I’ll be brief.
This past week saw a lot of backslapping, handwringing and discussion regarding the first quarter fundraising numbers for both the Democratic and republican presidential candidates.
- $26 million for Senator Clinton – a new record, we are told.
- $25 million, but 100,000 donors for Senator Obama – twice the number as Clinton.
- A “mere” $14 million for former Senator Edwards.
- A “surprising” $20 million for Mitt Romney – making him the potential new “force to be reckoned with”.
- Very disappointing numbers for Senator McCain, Governor Richardson and a number of other candidates.
- The thought that Edwards, Obama AND Clinton all could make it to the Democratic convention with (1) enough money and (2) not enough delegates and could trigger some interesting “stuff”.
- The “conventional wisdom” that this will ultimately be a $1 billion dollar election.
And what is missing from this picture? Substance. Issues. You know, important things..
We aren’t hearing all that much about whether Giuliani’s support for Kerik, even while knowing he was connected to the mob. Or whether Richardson’s pretty impressive resume would actually make him a good President and Commander in Chief. Or where Clinton stands on important things like, you know, “issues”.
Or that McCain really isn’t fit for office because of who he has surrounded himself with, his delusional rantings on how “safe” the streets of Baghdad are, or the lies, pandering and backpeddling he has specialized in over the past few years. No – we are hearing about his “lagging candidacy” because he didn’t raise enough money.
Yes, it has been this way for a good while now – you can’t run for office without being able to do the fundraising. But this is really out of hand. This will give you an idea on how much spending on Congressional races has skyrocketed over the past few decades:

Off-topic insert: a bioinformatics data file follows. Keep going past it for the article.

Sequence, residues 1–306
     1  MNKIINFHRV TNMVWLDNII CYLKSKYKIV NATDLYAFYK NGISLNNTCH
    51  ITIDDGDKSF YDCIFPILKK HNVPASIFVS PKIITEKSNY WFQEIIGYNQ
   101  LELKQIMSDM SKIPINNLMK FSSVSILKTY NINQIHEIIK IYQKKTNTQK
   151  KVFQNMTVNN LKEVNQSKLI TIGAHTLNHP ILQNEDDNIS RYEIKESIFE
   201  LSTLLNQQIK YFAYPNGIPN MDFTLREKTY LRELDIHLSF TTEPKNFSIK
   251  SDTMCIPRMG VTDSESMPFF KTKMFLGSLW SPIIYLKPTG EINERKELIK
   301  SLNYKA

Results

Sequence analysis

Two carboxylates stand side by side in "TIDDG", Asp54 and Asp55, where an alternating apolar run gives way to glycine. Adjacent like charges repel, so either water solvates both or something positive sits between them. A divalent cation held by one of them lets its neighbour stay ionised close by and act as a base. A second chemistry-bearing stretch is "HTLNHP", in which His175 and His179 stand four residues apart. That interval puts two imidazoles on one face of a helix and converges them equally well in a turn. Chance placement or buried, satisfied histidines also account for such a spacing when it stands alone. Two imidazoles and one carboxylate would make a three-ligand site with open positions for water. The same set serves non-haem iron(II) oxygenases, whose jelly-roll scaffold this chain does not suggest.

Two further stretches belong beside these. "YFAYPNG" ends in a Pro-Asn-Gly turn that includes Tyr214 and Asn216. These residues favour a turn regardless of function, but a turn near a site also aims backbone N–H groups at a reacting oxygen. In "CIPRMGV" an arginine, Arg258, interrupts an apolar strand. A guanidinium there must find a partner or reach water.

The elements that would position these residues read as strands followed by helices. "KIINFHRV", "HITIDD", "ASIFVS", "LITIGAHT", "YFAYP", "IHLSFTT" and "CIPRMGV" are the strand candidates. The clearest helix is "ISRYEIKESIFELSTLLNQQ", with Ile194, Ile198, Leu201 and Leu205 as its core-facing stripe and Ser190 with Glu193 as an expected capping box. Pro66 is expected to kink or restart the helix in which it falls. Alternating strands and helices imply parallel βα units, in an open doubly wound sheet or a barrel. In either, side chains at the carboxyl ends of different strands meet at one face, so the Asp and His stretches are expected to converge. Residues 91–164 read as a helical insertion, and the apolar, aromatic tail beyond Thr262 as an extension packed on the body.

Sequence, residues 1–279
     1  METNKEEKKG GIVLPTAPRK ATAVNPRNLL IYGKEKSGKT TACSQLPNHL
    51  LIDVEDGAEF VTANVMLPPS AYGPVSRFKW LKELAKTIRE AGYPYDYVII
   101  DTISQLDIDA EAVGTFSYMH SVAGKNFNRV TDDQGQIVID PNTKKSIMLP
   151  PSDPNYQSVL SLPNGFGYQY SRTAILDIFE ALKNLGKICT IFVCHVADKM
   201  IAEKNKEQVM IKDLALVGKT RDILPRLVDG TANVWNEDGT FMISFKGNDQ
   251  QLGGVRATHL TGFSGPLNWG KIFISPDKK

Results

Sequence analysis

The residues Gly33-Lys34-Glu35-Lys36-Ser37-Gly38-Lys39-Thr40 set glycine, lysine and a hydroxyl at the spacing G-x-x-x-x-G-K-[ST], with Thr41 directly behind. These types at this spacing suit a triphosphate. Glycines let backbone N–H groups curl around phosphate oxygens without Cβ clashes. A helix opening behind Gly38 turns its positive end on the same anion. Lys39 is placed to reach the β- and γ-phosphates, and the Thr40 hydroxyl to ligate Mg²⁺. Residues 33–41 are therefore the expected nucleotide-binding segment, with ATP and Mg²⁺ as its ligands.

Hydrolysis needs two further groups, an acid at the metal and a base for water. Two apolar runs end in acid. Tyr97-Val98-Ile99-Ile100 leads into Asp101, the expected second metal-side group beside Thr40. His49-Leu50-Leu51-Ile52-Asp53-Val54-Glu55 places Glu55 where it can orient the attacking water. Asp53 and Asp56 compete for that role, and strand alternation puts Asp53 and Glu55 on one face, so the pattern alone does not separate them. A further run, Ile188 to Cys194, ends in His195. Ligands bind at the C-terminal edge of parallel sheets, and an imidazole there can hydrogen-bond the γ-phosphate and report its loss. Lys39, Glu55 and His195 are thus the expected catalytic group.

The cost of congressional campaigns has skyrocketed, from an average of about $87,000 spent for successful House elections in 1976 (about $308,000 in 2006 dollars) to an average of $1.3 million spent on winning campaigns in 2006. Successful Senate candidates in 1976 spent an average of $609,000 (about $2.2 million in 2006 dollars), and in 2006, the average Senate winner spent an astonishing $9.6 million.
Starting the day after they are elected, House members must begin raising more than $1,000 a day to amass large enough war chests to wage their next campaign, while senators must raise more than $3,000 per day.
Regardless of whether Governor Vilsack was a viable or solid candidate on the issues, he dropped out a few months back because he couldn’t raise enough money to keep campaigning. And, while I have no way to confirm this hunch of mine, there are some very VERY good candidates who chose to “sit this one out” because of the “star power” of Senators Clinton and Obama.
Star power is one thing. That would be if they could galvanize people to follow their leadership abilities ON THE ISSUES. Sadly, this isn’t even close to the case. It is the “star power” to raise hundreds of millions of dollars to strongarm out the smaller but just as important voices of other potential candidates. Candidates who may be more willing to take a strong stand. Candidates who don’t talk out of both sides of their mouth. Candidates who aren’t so afraid of saying something that they actually mean but may not play well with their handlers.
Now, I am not saying that we don’t have some pretty solid candidates. We do. But, as I have said previously these candidates may be strong Senators but right now we need strong and bold LEADERS.
Not people who can just raise gobs and gobs of cash while not staking out any strong and bold positions, and having the strength and courage to really back those positions up. We have 2 candidates who are Senators. Let them take this chance to sponsor and rally support for bills that they feel strongly about. Let them have their “plans” be the ones pushed by Senate leadership. Let their ideas be the ones that are used in this year’s agenda.
Now is the time to show leadership. And leadership comes from making other people WANT to follow you. Not by having the ability to raise more money that is, by any reasonable or rational measure, needed to show that you can lead this country.
That holds true for both Democrats and republicans. This should be a battle of who wants to lead this country, and has the vision and the ability to do so. Not about who can raise more money so they can be “called” the leader of this country.